Carnforth is a rich and wonderful place to call home for a couple of weeks. Our location is something that makes Old Hall such a special place, as we love how close to nature and the wonders of the natural world we are. One such spot close-by in Silverdale is the RSPB Leighton Moss reserve. It is an amazing site that brings many visitors throughout the year.
What attracts people to the wonderful expanse of Leighton Moss and what can you expect to find during your exploration of the area?
RSPB Leighton Moss
In 1964, the Royal Society for the Protection of Birds took over the care of Leighton Moss, leasing and then buying it from the Leighton Hall estate. It has become a paradise for local bird species as it contains one of the largest reed beds in England. Over the years, it has gained status as an Important Bird Area, a Special Protection Area and even as a Site of Specific Scientific Interest.
Leighton Moss Webcam
Fortunately, if you want to have a glimpse of the wildlife before you ever step foot in Leighton Moss you can – through the amazing live webcam that the RSPB have set up in the area.
The reed bed where the camera is located, in a secret location, is full of thousands of creatures to spot. You just have to have an eagle eye! Of course, the camera is nothing in comparison to the real thing. Watching the feed for hours will never replace the feeling of exploring the park in real life, nor are you likely to see all of the amazing birds through a camera lens.
Local Bird Species
There is a wide and diverse collection of species that call Leighton Moss their home throughout the year. Some of the more interesting species to spot in this area include the bearded tit, avocet, bitten and the incredible marsh harrier.
The bearded tit can be found year-round and is a beautiful small bird. Its true name is the bearded reedling, but the similarities that it holds with the long-tailed tit means that it has gained this more common nickname. The species is prevalent in Leighton Moss as it is a wetland specialist, breeding and building its nests in the tall reed beds. They are not migratory birds, so Britain has a steady population of around 500 pairs. A small orange-brown bird, it’s a remarkable sight on a morning walk through the beautiful reed bed.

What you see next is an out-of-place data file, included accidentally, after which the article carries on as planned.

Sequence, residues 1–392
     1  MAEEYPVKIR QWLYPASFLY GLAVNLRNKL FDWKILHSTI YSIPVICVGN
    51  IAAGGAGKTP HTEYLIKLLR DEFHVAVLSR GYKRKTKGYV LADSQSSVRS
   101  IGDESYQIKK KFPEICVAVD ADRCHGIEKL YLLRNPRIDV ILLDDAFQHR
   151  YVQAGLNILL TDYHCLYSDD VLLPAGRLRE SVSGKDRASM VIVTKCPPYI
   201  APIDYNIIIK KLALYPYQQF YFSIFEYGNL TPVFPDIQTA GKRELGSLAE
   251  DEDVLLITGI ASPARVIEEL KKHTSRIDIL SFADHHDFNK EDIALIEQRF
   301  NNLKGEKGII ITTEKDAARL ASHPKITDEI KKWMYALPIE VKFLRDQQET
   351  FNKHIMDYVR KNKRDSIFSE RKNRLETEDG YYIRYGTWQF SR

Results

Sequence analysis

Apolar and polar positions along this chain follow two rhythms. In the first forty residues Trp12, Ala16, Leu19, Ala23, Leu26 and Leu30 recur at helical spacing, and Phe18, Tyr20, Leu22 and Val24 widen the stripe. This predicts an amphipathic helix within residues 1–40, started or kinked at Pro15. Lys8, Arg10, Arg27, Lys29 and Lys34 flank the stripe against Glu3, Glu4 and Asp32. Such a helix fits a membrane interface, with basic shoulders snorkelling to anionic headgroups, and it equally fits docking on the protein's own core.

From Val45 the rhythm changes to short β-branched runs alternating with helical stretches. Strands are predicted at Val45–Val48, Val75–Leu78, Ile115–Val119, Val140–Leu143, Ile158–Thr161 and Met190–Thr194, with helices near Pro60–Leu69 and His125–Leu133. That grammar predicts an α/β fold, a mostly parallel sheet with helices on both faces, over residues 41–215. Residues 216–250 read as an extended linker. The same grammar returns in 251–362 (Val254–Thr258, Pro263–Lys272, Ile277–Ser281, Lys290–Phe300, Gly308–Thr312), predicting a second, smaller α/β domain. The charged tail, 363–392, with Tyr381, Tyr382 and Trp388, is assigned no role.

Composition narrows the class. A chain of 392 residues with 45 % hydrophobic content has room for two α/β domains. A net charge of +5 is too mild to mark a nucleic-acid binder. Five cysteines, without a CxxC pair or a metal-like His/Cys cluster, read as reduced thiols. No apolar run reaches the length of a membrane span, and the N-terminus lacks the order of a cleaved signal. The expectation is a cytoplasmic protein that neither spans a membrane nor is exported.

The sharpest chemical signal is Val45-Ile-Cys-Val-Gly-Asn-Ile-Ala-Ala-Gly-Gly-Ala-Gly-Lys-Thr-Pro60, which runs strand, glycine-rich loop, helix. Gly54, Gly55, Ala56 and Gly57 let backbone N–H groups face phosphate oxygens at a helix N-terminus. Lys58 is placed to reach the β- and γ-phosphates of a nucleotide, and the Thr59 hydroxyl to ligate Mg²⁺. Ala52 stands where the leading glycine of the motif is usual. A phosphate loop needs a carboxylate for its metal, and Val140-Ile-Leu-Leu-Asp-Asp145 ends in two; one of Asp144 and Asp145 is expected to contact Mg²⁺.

Of course, the reed beds are not home to birds alone. It is also home to the red deer. Once in decline, recent years have seen the conservation efforts bring this incredible creature back to plentiful numbers throughout England and Scotland. This animal is distinctive for its stunning red – as the name suggests – summer coat. This is replaced by a brown, thick, coat in the winter which you can spot on trees as spring approaches and they begin to shed it again. The king of the wild, these are incredible beasts to spot in their natural habitat!
Are you eager to get out onto the reserve and explore the amazing site for yourself? Get in touch to find out more about our park facilities close to the wonder of nature! Simply call 01524 733276 to speak to a member of our friendly team who will be able to advise you further.